Labour leader Jeremy Corbyn has told President-elect Donald Trump that he needs to "grow up" when it comes to his attitude to immigration and his campaign pledge to build a Wall between the US and Mexico.
"Donald Trump should grow up and recognise the American economy actually depends on migrant labour," said Corbyn, speaking on the BBC's Andrew Marr show on Sunday morning.
"Last year they had a day without Mexicans and they certainly noticed it, and I think the treatment of Mexico by the United States, just as his absurd and abusive language towards Muslims, is something that has to be challenged and should be challenged."
"Trump decided to use the populist agenda - he blamed Muslims, he blamed Mexicans, he blamed women, he blamed anybody he could think of except the very corporate America, that in many ways he represents," he said.
Read more: When Nigel met Donald
Asked why the votes of protest across Europe are going to the right and not to parties of the left said it was "time to move on" from New Labour agenda which was "essentially an incorporation of that free market liberal economic thinking, which actually processed de-industrialisation in Britain and to a lesser extent in Germany but to a greater extent in France".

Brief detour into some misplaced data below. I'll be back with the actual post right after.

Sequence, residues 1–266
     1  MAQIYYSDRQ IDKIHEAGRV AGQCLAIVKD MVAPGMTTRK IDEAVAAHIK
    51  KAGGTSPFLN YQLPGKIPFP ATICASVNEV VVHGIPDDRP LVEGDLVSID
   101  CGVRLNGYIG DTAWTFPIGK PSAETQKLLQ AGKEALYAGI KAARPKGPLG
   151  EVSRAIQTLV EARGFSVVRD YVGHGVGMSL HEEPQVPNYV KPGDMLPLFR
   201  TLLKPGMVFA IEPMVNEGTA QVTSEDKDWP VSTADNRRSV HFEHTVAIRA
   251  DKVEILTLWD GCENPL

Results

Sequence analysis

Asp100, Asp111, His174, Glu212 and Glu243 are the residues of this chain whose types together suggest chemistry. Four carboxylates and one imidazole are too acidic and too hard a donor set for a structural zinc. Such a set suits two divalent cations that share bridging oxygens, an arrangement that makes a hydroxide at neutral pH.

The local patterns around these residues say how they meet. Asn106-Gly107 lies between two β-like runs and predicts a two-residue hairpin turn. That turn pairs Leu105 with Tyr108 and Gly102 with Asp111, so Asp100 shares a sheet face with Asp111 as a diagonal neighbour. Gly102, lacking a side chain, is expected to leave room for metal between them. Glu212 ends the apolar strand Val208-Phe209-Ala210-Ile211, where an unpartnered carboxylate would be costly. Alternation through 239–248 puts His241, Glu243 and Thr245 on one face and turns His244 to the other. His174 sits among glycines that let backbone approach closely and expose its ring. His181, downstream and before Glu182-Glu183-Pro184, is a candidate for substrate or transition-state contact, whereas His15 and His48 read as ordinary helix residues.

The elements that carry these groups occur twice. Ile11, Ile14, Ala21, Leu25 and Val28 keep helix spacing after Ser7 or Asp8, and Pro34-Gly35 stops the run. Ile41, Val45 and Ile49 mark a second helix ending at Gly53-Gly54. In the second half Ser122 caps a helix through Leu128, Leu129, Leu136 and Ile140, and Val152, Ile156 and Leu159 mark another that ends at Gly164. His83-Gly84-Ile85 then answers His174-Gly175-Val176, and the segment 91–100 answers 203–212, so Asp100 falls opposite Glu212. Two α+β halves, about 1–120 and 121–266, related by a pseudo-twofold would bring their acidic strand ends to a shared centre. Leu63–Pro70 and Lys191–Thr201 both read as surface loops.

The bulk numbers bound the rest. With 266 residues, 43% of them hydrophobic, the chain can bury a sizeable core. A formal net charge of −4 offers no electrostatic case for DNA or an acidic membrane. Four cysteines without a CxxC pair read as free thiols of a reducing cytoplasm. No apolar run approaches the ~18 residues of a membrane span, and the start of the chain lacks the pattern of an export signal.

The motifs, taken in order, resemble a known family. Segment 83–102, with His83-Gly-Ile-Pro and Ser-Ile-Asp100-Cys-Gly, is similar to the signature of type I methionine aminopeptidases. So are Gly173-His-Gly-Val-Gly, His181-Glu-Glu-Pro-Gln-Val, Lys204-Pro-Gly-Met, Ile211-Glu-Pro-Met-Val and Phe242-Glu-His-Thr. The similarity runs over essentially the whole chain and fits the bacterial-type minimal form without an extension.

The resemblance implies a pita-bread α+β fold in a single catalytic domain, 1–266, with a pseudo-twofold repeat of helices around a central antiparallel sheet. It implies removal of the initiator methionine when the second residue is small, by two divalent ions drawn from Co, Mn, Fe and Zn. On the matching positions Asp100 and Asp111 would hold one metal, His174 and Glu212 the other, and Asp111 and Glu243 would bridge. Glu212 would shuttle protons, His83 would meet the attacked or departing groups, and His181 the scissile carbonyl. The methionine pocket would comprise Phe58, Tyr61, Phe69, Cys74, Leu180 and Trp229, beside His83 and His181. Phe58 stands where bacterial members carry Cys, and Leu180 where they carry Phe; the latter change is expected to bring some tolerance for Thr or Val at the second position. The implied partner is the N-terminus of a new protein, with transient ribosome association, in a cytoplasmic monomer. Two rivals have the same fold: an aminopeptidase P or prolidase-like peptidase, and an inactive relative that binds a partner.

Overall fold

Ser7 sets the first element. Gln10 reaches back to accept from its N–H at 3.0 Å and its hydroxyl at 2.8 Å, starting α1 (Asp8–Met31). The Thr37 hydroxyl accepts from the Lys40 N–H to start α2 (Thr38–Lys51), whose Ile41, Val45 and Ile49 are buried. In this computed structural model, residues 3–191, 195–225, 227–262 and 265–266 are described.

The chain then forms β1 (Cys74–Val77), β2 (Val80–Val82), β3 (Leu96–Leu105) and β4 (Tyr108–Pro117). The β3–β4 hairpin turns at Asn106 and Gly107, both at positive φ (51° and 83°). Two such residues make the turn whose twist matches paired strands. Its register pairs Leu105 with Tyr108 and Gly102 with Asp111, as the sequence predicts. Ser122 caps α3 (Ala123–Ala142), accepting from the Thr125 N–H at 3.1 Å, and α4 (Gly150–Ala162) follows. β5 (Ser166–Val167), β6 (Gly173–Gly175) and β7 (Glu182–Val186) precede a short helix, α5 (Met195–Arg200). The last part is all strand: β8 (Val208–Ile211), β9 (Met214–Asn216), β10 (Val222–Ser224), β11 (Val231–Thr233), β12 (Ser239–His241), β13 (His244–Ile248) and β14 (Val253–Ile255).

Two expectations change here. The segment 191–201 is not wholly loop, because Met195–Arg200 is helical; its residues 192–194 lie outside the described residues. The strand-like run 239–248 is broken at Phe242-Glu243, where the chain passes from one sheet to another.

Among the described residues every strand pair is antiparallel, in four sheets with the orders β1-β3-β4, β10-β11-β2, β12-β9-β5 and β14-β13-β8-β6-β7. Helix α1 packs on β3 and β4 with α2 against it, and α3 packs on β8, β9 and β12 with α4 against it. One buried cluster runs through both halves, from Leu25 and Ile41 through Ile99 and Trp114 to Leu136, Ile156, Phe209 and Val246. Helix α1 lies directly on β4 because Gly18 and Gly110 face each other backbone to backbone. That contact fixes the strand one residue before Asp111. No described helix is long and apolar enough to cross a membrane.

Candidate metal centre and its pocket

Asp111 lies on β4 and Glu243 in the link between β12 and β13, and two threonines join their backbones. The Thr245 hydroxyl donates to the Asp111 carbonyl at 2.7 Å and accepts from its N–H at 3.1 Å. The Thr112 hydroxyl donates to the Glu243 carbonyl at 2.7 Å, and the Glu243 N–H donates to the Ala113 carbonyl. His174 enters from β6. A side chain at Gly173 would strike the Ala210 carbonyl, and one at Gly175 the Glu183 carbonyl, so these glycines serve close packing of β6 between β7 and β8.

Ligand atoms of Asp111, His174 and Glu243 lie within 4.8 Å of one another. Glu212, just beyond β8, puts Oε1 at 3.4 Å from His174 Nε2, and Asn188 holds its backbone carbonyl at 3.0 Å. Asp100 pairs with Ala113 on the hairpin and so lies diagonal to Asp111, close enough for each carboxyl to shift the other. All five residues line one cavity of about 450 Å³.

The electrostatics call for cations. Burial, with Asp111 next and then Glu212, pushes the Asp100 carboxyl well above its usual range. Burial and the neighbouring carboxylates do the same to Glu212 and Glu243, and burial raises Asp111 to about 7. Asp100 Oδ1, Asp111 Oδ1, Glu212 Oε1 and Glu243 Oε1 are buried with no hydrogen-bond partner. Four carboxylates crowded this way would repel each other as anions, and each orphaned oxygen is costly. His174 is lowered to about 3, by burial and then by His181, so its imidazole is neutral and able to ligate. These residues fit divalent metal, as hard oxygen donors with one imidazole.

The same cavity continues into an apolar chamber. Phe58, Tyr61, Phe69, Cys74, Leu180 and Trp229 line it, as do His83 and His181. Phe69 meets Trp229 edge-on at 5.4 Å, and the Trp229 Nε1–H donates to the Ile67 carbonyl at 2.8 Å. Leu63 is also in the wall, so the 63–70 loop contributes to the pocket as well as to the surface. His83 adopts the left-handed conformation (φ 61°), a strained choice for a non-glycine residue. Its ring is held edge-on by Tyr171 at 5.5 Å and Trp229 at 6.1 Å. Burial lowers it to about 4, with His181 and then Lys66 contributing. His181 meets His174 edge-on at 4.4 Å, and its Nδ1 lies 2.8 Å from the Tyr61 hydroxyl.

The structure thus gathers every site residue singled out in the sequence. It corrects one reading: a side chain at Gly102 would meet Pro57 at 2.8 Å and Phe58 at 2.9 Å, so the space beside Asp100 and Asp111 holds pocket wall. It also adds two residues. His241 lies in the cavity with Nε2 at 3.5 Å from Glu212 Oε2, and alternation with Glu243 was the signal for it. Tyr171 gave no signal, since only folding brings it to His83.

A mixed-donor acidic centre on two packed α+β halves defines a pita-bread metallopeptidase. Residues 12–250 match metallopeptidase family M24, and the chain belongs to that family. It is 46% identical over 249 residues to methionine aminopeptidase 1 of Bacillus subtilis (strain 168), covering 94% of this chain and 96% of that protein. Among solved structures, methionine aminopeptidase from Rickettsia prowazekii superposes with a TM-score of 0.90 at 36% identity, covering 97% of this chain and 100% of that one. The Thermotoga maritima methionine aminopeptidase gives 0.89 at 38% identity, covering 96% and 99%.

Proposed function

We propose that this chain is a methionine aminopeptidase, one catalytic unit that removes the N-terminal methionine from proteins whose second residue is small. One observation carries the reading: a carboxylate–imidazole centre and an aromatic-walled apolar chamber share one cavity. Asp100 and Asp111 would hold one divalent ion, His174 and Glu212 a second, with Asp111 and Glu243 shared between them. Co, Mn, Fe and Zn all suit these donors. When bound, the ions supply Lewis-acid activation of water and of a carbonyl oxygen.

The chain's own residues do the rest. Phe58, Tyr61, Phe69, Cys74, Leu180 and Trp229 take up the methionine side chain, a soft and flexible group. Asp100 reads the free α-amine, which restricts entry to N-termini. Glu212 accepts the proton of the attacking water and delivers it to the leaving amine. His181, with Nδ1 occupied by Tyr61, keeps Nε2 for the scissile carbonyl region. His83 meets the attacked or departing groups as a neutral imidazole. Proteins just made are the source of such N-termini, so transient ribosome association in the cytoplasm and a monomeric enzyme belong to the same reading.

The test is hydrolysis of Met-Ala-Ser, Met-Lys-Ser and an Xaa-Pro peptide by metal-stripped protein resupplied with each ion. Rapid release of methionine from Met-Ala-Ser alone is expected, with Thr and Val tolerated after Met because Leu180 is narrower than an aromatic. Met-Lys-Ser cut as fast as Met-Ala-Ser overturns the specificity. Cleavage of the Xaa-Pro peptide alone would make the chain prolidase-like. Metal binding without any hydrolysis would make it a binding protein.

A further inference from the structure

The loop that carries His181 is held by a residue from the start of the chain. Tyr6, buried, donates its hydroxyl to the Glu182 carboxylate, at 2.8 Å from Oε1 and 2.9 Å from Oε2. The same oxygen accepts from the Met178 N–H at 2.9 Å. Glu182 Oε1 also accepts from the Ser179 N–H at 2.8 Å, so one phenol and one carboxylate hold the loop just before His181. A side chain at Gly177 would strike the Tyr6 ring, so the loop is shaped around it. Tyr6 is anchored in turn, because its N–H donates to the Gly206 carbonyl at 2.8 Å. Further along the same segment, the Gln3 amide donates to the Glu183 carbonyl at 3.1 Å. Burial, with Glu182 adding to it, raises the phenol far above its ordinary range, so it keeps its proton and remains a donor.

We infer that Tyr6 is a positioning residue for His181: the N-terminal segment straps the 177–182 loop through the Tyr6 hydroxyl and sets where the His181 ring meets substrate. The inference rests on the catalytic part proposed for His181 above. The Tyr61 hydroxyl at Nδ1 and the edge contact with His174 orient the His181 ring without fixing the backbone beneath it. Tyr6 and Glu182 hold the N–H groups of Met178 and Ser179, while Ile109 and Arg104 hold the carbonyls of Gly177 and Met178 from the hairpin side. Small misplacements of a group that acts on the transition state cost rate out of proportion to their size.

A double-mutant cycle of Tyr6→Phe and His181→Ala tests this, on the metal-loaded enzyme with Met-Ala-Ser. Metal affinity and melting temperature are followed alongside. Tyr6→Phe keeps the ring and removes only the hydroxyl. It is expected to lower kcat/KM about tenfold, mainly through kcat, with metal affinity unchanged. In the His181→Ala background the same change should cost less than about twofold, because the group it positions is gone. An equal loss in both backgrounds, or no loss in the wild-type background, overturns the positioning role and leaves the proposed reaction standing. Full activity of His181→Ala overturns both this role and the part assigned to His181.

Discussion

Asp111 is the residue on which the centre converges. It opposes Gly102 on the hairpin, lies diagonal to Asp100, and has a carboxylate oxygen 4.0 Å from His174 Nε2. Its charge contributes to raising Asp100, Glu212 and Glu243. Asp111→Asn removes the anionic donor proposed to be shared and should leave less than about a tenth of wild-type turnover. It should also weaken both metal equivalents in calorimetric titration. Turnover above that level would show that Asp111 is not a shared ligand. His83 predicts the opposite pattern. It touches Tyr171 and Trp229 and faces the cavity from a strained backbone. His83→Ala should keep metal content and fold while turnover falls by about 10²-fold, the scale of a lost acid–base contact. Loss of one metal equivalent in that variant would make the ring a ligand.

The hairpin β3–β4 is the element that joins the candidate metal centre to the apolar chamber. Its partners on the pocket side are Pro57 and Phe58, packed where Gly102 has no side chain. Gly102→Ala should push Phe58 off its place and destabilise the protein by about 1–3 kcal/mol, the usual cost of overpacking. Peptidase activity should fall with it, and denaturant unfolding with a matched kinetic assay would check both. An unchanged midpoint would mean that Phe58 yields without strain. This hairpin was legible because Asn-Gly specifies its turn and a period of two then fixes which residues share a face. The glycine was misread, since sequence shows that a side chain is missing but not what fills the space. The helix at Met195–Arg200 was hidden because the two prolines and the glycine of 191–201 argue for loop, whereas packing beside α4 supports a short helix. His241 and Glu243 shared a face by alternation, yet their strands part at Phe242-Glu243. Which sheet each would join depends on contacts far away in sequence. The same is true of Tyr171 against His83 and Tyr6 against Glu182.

He yesterday called Trump's triumph a "wake-up call to the world" likening his campaign to that of the Tories in the UK and accusing the Prime Minister Theresa May of stoking fears over immigration.
"We have no idea how Donald Trump proposes to 'make America great again', and Theresa May's Tories offer slogans, but no solutions, for most people in Britain," he said in a speech on Saturday.
"We won't tackle the damage done by elite globalisation just by leaving the EU. We won't 'take back control' unless we take on the corporate vested interests that control our energy, our transport, and have infiltrated our public services.
"One thing is for sure: neither billionaire Donald Trump, nor the billionaire-backed Tories, have any interest in giving people back control, or reining in the predatory excesses of a globalised free-for-all," Corbyn continued.
He also said that he believed Bernie Sanders could have won the election, speaking on Sunday, despite the US senator's failure to win the Democratic nomination against Hillary Clinton.